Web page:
A small proportion of sinks and water fountains in Denver, Jeffco and Cherry Creek schools have been taken out of service because of high lead levels found after school district testing in the summer and fall.
So far, results are back for one-third of Denver schools, mostly elementaries. They show that about 4 percent of samples came back high. Some schools have no sinks or fountains with elevated lead levels, while others — such as Greenlee Elementary and Denver Montessori Junior/Senior High School — have four or five.
“We haven’t really found anything alarming,” said Joni Rix, environmental services manager for DPS. “Certainly we’ve found lead, but it’s not widespread.”
Fixes, which are expected to cost around $500,000, will happen at every school with elevated lead levels, she said.
That’s not the case in Jeffco, where testing revealed that about 80 percent of schools have at least one sink or water fountain with high lead levels.
While smaller fixes have been or will be made, district officials say voters’ rejection of the district’s $535 million bond issue earlier this month will make extensive plumbing repairs impossible.
“If it’s any kind of big fix it’s probably not going to happen,” said district spokeswoman Diana Wilson. “It’s probably going to be easier to shut some sinks down.”
Aurora Public Schools
Cherry Creek School District
Denver Public Schools
Jeffco Public Schools
In Cherry Creek, where testing was conducted this fall, some schools had elevated levels. In most cases, fixes have already been made, though more systemic problems surfaced at the 1980s-era Creekside Elementary. Water samples from 10 locations in the school had elevated lead levels and samples from most other locations also showed some lead, though not above the federal limit.
District spokeswoman Tustin Amole said via email that students there are drinking bottled water until repairs can be completed — probably over winter break.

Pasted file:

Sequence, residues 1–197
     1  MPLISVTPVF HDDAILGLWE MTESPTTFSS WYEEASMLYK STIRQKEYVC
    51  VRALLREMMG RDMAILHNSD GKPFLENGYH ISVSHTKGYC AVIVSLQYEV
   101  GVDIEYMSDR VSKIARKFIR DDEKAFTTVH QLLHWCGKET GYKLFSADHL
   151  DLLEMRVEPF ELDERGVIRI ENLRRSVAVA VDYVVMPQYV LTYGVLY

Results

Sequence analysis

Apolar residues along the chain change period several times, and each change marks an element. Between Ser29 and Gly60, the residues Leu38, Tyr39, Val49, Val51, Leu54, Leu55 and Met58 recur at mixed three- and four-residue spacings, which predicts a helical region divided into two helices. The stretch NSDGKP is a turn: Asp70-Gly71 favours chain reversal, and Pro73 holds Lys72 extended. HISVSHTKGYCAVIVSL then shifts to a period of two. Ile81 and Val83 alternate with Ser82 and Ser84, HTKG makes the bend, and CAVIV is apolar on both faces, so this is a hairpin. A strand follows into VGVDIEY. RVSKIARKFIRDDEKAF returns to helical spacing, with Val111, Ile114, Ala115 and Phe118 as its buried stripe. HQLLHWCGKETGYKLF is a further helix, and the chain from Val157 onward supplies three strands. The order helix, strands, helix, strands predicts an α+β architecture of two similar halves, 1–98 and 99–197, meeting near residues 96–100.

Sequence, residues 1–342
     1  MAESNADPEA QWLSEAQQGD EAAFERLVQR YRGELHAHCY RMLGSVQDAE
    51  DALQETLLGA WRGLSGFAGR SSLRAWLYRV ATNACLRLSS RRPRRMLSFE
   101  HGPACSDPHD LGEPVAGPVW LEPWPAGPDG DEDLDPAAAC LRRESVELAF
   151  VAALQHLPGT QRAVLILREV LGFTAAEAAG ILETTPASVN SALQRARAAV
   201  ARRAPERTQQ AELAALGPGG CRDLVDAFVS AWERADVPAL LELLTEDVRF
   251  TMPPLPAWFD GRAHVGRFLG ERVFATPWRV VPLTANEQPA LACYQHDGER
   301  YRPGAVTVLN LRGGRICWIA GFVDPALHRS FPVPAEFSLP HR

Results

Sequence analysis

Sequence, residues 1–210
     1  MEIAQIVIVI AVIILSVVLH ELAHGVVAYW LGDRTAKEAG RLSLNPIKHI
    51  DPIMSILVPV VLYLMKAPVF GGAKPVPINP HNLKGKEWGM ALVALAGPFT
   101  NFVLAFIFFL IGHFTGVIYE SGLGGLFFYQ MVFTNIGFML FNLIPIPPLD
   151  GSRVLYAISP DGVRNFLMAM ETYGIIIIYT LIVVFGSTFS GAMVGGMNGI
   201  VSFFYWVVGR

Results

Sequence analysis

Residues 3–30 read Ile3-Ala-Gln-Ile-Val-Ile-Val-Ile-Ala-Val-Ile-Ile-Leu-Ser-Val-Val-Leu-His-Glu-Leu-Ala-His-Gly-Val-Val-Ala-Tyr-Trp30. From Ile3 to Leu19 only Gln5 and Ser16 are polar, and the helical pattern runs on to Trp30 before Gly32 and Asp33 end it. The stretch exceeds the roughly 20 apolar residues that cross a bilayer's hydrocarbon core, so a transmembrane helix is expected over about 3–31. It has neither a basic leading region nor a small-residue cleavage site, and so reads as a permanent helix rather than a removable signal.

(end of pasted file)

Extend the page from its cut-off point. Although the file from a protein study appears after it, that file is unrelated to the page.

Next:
The risk of lead poisoning from school water is relatively low, according to experts in Colorado. Still, they say school officials are right to be aware of it given that high lead levels can severely impair children’s physical and mental development.
School districts aren’t required to test their water for lead unless they’re considered public water systems. (That’s the case in some rural districts and on a limited basis in Jeffco, which provides water to six mountain schools.)
Still, in the wake of the lead-poisoning crisis in Flint, Mich., last year, Colorado’s five largest school districts all decided to test their water.
Douglas County School District launched its effort last spring at 19 older schools, and had no samples above the federal 15-parts-per-billion threshold, according to district records provided to Chalkbeat last summer.
Jeffco began districtwide lead-testing in June and Denver followed in August. In Jeffco, testing is now complete save for a small number of re-tests in locations where fixes have been made.
Aurora Public Schools began testing school water in October, and so far results are available for two early childhood centers, according to the district’s lead-testing web page. Neither have elevated lead levels.
Results for the remaining two-thirds of Denver’s schools will be back by the end of January. Rix said she expects a similar proportion of those samples — 4 to 5 percent — to have elevated levels. All told, district staff collected more than 4,000 water samples this fall.
Starting this Saturday, DPS will also test some schools’ service lines — the pipes that run from buildings to the city’s water mains under the street — to determine whether they are made of lead. That testing, which involves drilling into the ground to reach the service lines, will start at Newlon, Cowell, Goldrick, Schmitt and Knapp elementary schools.
The five, all built in the 1950s, are among 69 district schools that may have their service lines tested this year. The $572 million bond Denver voters passed earlier this month will provide $800,000 to replace lead service lines.
Correction: An earlier version of this story incorrectly stated that Cory Elementary in Denver was among schools with four to five sinks or water fountains showing high lead levels. It had only one water fountain with elevated lead levels.